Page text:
20. Having just finished "Quiet" about introverts, Anna was definitely an introvert, and was simply finding her way as she struggles with friendships and does her own thing quietly on the side, such as reading lots of great books, sewing, and doing for others. She had subtle help from her teacher and mom (dad was uninvolved - why? Wouldn't he be central figure in an American-Chinese family?) lots of emphasis on mom studying to be a nurse. Good story for the quiet girls. Is this a stereotype of the C [...]

    21. This story follows Anna through fourth grade as she struggles with friendship, her relationship with her mother, and her identity as an American Born Chinese (ABC). Being a book lover, Anna has books to help keep her company as she navigates the year. The writing is simple and uncomplicated. There are some nice little illustrations by Abigail Halpin, and the book is filled with tidbits of information about Chinese culture. Younger kids will love recognizing the titles Anna loves, and probably en [...]

    22. First things first: Hooray for books about introverts! Sometimes it seems as though there are so many sassy and outspoken heroines out there that we forget about the ones who are quietly sewing a drawstring bag as a gift for their school crossing guard. Anna Wang is not sassy. She is not outspoken. If given the choice, she'd rather be reading a book in the corner. However, her life is just as full of growing pains and potential drama as the next fourth grader's. She feels left out by the other g [...]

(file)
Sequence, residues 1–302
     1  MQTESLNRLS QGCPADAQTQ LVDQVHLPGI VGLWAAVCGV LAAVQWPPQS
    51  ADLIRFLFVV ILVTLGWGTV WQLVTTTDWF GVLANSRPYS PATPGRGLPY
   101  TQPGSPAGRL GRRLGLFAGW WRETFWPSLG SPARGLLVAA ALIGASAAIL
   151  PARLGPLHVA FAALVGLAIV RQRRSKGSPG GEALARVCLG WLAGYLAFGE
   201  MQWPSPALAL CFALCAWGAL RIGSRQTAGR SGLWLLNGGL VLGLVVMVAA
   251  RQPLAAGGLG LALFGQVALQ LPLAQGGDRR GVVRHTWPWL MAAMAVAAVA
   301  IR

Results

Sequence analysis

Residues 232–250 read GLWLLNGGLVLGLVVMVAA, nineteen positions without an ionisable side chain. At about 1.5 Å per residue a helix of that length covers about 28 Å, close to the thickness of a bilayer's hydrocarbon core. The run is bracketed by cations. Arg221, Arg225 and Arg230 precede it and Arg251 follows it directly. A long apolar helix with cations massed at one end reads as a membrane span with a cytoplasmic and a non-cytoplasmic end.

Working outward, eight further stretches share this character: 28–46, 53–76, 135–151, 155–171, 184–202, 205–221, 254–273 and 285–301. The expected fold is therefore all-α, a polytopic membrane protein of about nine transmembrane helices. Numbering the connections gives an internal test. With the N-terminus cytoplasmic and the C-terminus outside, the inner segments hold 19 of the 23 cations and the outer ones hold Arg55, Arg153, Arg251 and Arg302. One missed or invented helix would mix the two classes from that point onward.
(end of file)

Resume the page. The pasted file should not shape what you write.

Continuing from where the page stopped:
23. Found on as a recommendation, this is a delightful tale of young Anna Wang who loves books.Straddled between two cultures, Anna is embarrassed by her mother's Chinese ways and yet she loves her family, hoping they can be more American.As most coming of age books, this one deals with learning how to be a friend and how to accept friendship. Unsure of her life, books are Anna's companions.When she befriends Laura, she gradually learns of Laura's family life and the fact that Laura's father is an [...]

    24. Dulu janjian sama Kak Mia Bali untuk baca buku ini. Baru sempat dibaca sekarang. Menyenangkan baca buku 'middle grade' lagi setelah sekian lama tidak. Buku ini seperti diari Anna Wang, apa yang dilakukannya dan bersama siapa. Tidak ada yang terlalu istimewa dengan ceritanya. Namun, penulis bisa menarasikannya dengan baik. Sehingga kita bisa membacanya dengan mulus tanpa bosan.

    25. I just loved this book and I think it's because I can super identify with Anna. As a kid (and yeah, as an adult) I sometimes preferred my books to hanging out with real people. And when friendship starts to get complicated, sometimes that choice makes sense!This reminded me a lot of Grace Lin's Pacy books, although Anna has more angst. I can't wait to pick up the rest of the books!

    26. People who loved The Hundred Dresses will enjoy this little gem of a book with a similar friendship theme, and a girl who finds comfort in reading.